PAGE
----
Remember, Google is your friend and Jacob Wade of iHeartBudgets suggests using the Redfin App for research. He suggests that you, “Google best place for families in the area you want to live”. In additional Jacob suggests that you stop watching television shows like Fixer Upper which can skew your perspective of the homes that you will find. “[There’s] too much glossing over what a project like that takes, and sets unrealistic expectations which lead to disappointment.” Trust me, we both know from experience
Get Ready to Move
If you have not moved in some time, do not wait until you have found your dream home and completed the entire home buying process before you begin packing and purging. It took my husband and I a full three weeks to get packed and moved because we had lived in the home that we moved from for so long.
Rebecca G. Neale, the Personal Finance Lawyers suggests, “Cleaning out the garage, the basement, the attic, the closets — anywhere that extra stuff lives. Decluttering now will make packing easier and moving cheaper. Bonus points if you can sell any of it and put the proceeds into your down payment fund! “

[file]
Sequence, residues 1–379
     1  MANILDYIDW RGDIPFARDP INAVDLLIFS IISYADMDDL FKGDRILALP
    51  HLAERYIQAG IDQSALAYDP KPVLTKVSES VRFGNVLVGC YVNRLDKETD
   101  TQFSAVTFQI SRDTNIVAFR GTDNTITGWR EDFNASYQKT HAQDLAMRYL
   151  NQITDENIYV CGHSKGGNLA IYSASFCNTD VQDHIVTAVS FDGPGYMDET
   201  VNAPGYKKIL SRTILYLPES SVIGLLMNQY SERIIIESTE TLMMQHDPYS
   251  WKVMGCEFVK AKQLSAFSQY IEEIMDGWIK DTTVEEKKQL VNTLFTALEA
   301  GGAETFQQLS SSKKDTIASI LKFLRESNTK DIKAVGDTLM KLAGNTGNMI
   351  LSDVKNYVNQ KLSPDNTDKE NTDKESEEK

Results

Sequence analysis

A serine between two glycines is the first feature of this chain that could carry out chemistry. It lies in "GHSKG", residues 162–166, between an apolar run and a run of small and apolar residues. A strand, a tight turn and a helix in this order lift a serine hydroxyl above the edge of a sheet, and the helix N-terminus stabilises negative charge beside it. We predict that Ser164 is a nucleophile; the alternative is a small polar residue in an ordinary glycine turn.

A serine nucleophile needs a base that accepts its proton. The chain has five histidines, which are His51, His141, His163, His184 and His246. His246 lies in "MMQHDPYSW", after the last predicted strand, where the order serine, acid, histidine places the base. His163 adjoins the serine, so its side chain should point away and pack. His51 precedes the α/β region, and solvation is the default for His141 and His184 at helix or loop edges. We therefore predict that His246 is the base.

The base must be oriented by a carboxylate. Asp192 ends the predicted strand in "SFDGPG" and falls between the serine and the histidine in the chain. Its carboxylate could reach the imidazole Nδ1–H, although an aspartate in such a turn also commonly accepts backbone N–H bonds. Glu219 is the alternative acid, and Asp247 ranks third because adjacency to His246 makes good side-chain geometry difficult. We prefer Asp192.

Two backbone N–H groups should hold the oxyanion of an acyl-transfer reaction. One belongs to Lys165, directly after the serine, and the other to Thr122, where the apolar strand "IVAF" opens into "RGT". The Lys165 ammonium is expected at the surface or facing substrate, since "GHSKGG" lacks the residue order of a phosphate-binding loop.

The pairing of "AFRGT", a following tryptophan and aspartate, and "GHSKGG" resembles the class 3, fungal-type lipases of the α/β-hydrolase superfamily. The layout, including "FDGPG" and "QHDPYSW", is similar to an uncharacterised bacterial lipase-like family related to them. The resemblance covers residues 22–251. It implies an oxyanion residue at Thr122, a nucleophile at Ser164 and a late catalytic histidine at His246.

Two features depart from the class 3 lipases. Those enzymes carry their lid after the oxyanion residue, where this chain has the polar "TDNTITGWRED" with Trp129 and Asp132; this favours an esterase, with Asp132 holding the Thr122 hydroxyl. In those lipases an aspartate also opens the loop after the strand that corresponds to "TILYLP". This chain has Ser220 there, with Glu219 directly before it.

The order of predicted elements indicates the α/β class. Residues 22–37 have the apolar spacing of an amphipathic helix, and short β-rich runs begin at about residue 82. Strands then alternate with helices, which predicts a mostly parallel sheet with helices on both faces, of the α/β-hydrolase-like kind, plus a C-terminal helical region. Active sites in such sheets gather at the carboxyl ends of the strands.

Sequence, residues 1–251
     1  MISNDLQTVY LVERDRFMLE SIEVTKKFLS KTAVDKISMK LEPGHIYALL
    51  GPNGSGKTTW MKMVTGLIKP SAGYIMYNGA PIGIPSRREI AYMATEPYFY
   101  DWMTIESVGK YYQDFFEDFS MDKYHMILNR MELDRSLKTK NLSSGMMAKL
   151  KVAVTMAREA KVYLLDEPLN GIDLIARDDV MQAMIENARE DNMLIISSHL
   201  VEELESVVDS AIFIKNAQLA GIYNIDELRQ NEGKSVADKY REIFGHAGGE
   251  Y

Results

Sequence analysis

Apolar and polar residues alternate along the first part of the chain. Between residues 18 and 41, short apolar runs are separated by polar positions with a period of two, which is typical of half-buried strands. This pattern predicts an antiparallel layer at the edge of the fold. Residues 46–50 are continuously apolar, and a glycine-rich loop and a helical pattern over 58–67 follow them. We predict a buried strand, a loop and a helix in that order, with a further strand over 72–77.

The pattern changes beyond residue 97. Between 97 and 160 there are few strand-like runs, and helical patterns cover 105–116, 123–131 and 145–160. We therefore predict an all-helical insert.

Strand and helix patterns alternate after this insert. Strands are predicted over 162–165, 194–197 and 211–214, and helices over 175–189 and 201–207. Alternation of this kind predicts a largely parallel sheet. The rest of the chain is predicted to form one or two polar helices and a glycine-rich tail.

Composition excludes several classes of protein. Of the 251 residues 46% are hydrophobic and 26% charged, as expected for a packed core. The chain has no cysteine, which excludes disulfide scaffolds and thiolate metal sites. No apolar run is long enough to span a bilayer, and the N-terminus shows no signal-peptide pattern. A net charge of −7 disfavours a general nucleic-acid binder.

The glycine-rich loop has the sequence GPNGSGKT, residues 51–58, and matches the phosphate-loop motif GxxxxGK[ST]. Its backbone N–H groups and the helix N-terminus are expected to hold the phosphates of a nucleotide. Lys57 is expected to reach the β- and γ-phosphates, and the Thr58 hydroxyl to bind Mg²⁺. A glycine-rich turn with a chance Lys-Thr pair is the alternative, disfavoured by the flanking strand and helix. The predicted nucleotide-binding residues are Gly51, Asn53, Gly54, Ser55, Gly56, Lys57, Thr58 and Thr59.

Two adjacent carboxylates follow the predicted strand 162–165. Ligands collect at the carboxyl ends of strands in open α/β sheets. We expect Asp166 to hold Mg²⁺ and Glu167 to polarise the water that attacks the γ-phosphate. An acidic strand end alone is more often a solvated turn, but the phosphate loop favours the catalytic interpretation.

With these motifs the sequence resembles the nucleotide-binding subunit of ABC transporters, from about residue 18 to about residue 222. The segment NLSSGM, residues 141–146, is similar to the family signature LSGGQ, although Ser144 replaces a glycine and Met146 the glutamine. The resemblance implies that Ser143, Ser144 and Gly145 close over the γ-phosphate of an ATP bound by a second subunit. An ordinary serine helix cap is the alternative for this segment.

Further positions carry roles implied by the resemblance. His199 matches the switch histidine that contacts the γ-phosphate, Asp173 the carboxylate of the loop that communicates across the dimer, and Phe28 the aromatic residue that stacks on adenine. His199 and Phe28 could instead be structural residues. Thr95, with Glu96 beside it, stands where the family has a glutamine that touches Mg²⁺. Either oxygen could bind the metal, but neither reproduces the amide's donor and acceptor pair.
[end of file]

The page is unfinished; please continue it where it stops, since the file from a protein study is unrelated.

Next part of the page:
Veronica Flanders who is apparently a professional mover adds that, “Having moved 500 times now, I’d also start packing from now. Like those plates and glasses we only use for entertaining. Anything I won’t need for the next year I’m gonna start packing and labeling. And I would not depend on my partner to pack. That is a road to disaster. One smart idea is to take a picture of the box contents and tape it on the outside of the box.” I could have used that advice when I was home shopping but doing so with a newborn was tough.
As you can see, there are a lot of things to accomplish before you really begin house hunting and it can be overwhelming, but, you have a full year before you buy your house. You can accomplish most of these things through careful repetitive action and the end result can be a home that you have prepared for, at a price that you can afford that will not squeeze your budget.
Jacob Wade has one last tip – embrace the mental aspect of being a home owner. “Dream big, enjoy the thought of making your house a home. “